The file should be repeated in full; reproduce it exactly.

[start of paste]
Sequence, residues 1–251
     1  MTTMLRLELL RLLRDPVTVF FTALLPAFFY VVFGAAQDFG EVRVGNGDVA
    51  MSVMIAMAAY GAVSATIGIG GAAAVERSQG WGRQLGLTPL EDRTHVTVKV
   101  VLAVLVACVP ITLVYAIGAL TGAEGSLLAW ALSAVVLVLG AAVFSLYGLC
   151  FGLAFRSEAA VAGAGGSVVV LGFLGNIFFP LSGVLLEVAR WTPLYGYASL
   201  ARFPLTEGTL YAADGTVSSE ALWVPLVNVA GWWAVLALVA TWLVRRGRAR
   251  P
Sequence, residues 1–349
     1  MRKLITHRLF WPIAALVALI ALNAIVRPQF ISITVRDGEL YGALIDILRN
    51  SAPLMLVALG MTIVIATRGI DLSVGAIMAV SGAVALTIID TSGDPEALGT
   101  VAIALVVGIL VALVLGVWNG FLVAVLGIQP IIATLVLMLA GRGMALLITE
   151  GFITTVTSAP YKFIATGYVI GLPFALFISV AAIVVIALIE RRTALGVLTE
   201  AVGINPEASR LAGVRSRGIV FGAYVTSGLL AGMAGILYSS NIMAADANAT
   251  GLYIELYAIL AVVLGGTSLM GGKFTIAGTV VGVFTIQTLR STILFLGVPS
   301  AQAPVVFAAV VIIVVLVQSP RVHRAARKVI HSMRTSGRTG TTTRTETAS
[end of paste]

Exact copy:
Sequence, residues 1–251
     1  MTTMLRLELL RLLRDPVTVF FTALLPAFFY VVFGAAQDFG EVRVGNGDVA
    51  MSVMIAMAAY GAVSATIGIG GAAAVERSQG WGRQLGLTPL EDRTHVTVKV
   101  VLAVLVACVP ITLVYAIGAL TGAEGSLLAW ALSAVVLVLG AAVFSLYGLC
   151  FGLAFRSEAA VAGAGGSVVV LGFLGNIFFP LSGVLLEVAR WTPLYGYASL
   201  ARFPLTEGTL YAADGTVSSE ALWVPLVNVA GWWAVLALVA TWLVRRGRAR
   251  P
Sequence, residues 1–349
     1  MRKLITHRLF WPIAALVALI ALNAIVRPQF ISITVRDGEL YGALIDILRN
    51  SAPLMLVALG MTIVIATRGI DLSVGAIMAV SGAVALTIID TSGDPEALGT
   101  VAIALVVGIL VALVLGVWNG FLVAVLGIQP IIATLVLMLA GRGMALLITE
   151  GFITTVTSAP YKFIATGYVI GLPFALFISV AAIVVIALIE RRTALGVLTE
   201  AVGINPEASR LAGVRSRGIV FGAYVTSGLL AGMAGILYSS NIMAADANAT
   251  GLYIELYAIL AVVLGGTSLM GGKFTIAGTV VGVFTIQTLR STILFLGVPS
   301  AQAPVVFAAV VIIVVLVQSP RVHRAARKVI HSMRTSGRTG TTTRTETAS